By Steven Greenhouse, New York Times:
Charlie Rose and his production company have agreed to pay as much as $250,000 to settle a class-action lawsuit brought by a former unpaid intern who claimed minimum wage violations.
Under the settlement, Mr. Rose and his production company, Charlie Rose Inc., will pay back wages to a potential class of 189 interns. The settlement calls for the interns to receive generally $1,100 each — $110 a week in back pay, up to a maximum of 10 weeks, the approximate length of a school semester.
The main plaintiff was Lucy Bickerton, who said she was not paid when she worked 25 hours a week for the “Charlie Rose” show from June through August 2007. Ms. Bickerton said her responsibilities at the show, which appears on PBS stations, included providing background research for Mr. Rose about interview guests, putting together press packets, escorting guests through the studio and cleaning up the green room.
Ms. Bickerton in an interview described the settlement as “a really important moment for this movement against unpaid internships.”
This is the first settlement in a series of lawsuits brought by unpaid interns who asserted that they had suffered minimum wage violations. Other such lawsuits have been filed against the Hearst Corporation and Fox Entertainment — both companies deny that they failed to comply with wage and hour laws regarding their interns.
Rachel Bien, a lawyer for Ms. Bickerton, said, “We are very pleased with this settlement, and hope that many former interns will come forward to claim the amounts they are due for their work.”
The agreement covers interns who worked for the Rose show between March 14, 2006 and Oct. 1, 2012. Under the agreement, individual interns will need to file a claim to be part of the settlement.
The 10-week maximum will not apply to those who interned for the show for more than one semester. The $110-a-week settlement payment is based on an average internship day of six hours and an average internship week of 2.5 days.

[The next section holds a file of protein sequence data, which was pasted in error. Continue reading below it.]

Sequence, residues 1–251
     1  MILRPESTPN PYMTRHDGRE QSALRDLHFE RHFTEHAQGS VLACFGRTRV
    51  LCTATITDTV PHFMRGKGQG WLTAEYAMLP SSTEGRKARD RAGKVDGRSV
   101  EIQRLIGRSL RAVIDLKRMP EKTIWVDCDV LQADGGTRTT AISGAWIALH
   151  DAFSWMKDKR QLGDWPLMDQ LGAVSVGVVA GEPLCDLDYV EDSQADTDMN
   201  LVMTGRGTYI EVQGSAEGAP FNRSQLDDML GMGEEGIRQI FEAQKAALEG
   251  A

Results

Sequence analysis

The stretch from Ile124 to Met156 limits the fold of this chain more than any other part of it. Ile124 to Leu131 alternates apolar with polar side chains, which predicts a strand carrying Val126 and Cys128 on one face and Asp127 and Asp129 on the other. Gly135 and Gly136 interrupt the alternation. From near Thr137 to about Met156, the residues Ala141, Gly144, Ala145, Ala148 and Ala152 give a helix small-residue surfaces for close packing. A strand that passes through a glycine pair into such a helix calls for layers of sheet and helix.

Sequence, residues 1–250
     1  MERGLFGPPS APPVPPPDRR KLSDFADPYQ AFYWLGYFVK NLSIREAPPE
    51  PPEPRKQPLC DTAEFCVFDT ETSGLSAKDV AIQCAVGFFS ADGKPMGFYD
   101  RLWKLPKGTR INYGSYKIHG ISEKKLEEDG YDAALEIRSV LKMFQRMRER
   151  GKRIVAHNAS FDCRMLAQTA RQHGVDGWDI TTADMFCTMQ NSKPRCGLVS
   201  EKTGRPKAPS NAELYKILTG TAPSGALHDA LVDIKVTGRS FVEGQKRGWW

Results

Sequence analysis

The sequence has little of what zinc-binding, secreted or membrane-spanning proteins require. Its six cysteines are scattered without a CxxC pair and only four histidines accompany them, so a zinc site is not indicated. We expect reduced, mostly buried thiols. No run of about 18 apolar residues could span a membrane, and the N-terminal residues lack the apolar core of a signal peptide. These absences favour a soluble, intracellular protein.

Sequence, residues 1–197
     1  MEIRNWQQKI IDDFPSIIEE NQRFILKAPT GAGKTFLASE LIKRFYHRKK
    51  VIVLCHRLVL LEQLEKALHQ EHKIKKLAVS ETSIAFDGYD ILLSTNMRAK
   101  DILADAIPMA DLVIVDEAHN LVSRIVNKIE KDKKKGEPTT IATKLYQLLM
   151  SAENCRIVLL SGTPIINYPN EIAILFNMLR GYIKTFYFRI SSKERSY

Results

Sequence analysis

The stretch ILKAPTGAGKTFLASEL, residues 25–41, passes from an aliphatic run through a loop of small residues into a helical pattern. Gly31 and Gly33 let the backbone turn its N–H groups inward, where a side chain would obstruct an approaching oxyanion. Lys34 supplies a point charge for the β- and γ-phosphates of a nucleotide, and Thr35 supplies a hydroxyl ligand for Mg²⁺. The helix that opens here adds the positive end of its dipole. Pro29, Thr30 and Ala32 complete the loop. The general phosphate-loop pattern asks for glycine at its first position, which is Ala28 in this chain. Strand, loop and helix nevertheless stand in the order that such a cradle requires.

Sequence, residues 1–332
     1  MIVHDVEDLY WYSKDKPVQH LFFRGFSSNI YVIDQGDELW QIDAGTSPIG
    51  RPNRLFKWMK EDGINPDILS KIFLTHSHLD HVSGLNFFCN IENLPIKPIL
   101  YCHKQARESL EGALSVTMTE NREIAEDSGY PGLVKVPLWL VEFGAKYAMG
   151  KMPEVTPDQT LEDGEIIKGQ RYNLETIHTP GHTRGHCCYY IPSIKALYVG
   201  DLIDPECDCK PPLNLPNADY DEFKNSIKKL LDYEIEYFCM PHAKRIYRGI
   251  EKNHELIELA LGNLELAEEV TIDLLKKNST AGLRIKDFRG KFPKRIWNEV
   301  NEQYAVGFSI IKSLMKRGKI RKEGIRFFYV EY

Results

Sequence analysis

Ms. Bickerton’s lawsuit was brought under New York State law, which allows plaintiffs to seek back wages going back six years, and not under federal law, which sets a three-year limit.
The lawsuit noted that unpaid internships have proliferated among many white-collar professions, including film, journalism, fashion and book publishing.
Workplace experts say hundreds of thousands of young Americans work as unpaid interns each year as they seek to gain experience and get a foothold in with highly desired employers in coveted industries. But some interns and labor advocates assert that many employers who use unpaid interns are violating federal and state laws by using them essentially to do the jobs of other workers and by not providing a true educational experience.
Ms. Bickerton’s lawsuit asserted that according to the New York State Department of Labor, “an unpaid internship is only lawful in the context of an educational training program, when the interns do not perform productive work and the employer derives no benefit.” The lawsuit cites guidance from the state Labor Department that says: “If an employer uses trainees as substitutes for regular workers or to augment its existing work force during specific times or in general, these interns would be treated as employees.”